The Secret to March’s Unusual Madness

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Louis DeLuca/MCT

Connecticut teammates Donnell Beverly and Kemba Walker celebrate a 53-41 victory over Butler in the NCAA Men’s Basketball Final at Reliant Stadium in Houston, Texas, Monday, April 4, 2011.

Conor Volpe, Staff Writer

In a year in which Sports Illustrated correctly predicted precisely one of the Elite Eight and only two brackets out of six million on ESPN had the correct Final Four, March was not only madness, but completely unpredictable. Every sane person in America picked Ohio State and Kansas as the two teams in the final, but the Buckeyes couldn’t even make it out of the Sweet Sixteen and 2011’s Cinderella in VCU upset Kansas in the Elite Eight. VCU’s selection was so controversial it had ESPN basketball analysts up in arms. It’s safe to say that this year’s edition of March Madness has been not only incredibly entertaining but also dumbfounding at the same time. And there is a reason for all this parity.

2011 features an incredibly shallow pool of talent in college basketball. That may be a bit harsh but nonetheless true. There are no standouts this year, no guys who just scream future NBA All-Star. There are plenty of solid players but a glaring lack of elite players, a la John Wall or Blake Griffin.

There are good college players out there, like America’s darlings Jimmer Fredette and Kemba Walker, but they were stuck on teams that were otherwise short on talent. Fredette was forced into taking the team on his back, especially when Brandon Davies, his best big man, was suspended from the team. Walker was on a Connecticut team that prominently featured three freshmen, wasn’t in the preseason top 25, and had only one other player score over 10 points per game. On both of these teams the talent level dropped off significantly after their two stars, when historically other quality players surround the nation’s best players. Somehow, despite all this, Walker managed to lead UCONN to a national title.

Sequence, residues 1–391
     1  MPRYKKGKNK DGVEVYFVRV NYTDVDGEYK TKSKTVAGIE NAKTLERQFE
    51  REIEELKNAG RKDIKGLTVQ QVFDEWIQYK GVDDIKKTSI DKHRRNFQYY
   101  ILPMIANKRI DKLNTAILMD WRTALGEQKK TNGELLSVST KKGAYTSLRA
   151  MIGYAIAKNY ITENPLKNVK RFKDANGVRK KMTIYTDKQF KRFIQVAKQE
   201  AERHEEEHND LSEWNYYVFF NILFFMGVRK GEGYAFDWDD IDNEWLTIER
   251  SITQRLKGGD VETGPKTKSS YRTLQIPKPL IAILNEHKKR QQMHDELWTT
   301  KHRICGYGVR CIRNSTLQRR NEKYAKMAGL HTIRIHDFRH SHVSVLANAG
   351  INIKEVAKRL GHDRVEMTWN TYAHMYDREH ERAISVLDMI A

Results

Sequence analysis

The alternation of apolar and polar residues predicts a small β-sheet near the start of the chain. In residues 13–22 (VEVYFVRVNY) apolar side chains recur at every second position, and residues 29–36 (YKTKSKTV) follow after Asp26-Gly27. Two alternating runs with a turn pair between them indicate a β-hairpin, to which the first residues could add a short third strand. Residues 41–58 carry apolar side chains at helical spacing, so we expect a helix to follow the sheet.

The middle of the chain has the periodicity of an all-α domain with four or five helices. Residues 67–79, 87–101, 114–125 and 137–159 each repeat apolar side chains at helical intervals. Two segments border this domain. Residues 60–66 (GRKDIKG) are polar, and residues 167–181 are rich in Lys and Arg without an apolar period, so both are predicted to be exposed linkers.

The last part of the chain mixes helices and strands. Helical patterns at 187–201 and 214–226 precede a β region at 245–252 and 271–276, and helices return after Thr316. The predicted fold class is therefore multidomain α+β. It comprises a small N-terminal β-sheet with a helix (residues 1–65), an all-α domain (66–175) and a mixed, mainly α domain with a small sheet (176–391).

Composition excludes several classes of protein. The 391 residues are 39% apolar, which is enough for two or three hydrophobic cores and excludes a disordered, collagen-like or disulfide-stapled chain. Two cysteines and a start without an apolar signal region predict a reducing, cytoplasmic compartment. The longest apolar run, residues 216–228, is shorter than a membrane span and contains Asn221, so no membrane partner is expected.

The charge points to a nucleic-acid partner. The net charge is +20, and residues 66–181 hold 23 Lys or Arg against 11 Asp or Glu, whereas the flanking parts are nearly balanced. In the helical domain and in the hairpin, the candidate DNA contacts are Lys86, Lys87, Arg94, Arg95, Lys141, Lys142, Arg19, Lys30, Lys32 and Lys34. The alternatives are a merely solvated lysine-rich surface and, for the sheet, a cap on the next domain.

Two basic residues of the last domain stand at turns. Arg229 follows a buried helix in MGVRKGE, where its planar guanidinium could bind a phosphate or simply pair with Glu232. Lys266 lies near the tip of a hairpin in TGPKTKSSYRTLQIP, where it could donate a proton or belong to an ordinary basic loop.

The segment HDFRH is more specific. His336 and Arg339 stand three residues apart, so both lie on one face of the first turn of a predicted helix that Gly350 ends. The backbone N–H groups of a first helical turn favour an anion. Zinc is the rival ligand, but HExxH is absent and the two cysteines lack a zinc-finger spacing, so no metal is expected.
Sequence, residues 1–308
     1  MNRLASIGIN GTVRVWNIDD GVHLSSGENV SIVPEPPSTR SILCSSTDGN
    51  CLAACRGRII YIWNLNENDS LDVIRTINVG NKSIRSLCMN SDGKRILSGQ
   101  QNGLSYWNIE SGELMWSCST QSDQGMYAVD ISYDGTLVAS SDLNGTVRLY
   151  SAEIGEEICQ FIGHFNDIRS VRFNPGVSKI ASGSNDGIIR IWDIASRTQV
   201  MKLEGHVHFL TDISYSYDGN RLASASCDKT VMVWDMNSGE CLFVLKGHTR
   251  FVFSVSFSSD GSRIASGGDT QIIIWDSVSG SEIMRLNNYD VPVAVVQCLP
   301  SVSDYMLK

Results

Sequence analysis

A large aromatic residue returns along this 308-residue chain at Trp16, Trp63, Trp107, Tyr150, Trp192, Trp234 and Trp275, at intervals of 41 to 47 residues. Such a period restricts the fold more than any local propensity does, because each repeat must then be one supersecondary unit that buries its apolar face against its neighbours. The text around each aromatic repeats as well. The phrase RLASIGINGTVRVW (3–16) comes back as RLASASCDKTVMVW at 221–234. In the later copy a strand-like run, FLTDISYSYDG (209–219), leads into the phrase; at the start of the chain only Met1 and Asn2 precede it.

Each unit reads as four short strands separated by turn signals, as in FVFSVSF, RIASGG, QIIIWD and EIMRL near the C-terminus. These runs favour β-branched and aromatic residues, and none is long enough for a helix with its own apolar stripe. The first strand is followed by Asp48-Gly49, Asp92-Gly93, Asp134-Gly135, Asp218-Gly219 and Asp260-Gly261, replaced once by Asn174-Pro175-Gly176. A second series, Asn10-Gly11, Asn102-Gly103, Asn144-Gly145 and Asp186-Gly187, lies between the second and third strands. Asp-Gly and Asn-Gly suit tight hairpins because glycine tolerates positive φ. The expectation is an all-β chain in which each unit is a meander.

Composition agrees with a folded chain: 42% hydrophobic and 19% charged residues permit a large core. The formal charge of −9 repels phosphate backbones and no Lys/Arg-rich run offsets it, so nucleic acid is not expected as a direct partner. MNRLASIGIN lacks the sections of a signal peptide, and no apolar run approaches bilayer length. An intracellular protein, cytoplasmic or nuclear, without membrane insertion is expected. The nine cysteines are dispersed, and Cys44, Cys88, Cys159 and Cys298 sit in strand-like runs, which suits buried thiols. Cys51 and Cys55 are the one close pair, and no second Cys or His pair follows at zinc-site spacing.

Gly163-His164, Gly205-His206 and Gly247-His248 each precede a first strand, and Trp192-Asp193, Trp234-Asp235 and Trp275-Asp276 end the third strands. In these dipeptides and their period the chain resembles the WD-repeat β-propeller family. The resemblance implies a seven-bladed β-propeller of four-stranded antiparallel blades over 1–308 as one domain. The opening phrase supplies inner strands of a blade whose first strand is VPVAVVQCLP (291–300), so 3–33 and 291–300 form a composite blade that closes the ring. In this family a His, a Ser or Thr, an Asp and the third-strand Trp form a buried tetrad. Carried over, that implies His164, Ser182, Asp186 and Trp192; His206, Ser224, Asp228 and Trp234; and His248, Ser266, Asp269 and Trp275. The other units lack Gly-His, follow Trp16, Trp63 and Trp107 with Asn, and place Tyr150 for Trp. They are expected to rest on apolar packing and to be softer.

Then there are the year’s two dominant teams, Kansas and Ohio State. Both were the two top seeds in the tournament and were dominant from the beginning of the season to the end. But neither team had superstars, just a collection of very good players. Sort of like the Nuggets after the Carmello trade. Jared Sullinger is a beast down low, but he routinely gets his shot blocked, as demonstrated in the Buckeyes’ season ending loss to Kentucky. And Kansas’ Morris twins are a fantastic tandem, but they couldn’t bully their way past a motivated VCU squad. The two top teams were good top to bottom, but lacked dominant players.

All of this set the stage for some tremendous upsets. With the talent level down, teams that never stood a chance in years past all of a sudden were in winnable games. Teams like Richmond, Morehead State, and of course Butler and VCU took advantage and upset traditional powers.

And they won for the most part being lead by players who with a dip in the talent pool are now on the level of many of the best players on top-tier programs. Players like Kenneth Faried on Morehead State, Justin Harper from Richmond, and Shelvin Mack from Butler are all projected first rounders in the NBA draft. Going in the same range as Kansas’ Morris twins and Kentucky’s highly touted point guard Brandon Knight.

All of this evened the playing field, and opened the door for well-coached underdogs like VCU and Butler to make a run, and in the process ruin millions of perfectly good brackets. They were solid teams who believed they could make it, and aided by some favorable circumstances, they shocked the college basketball world.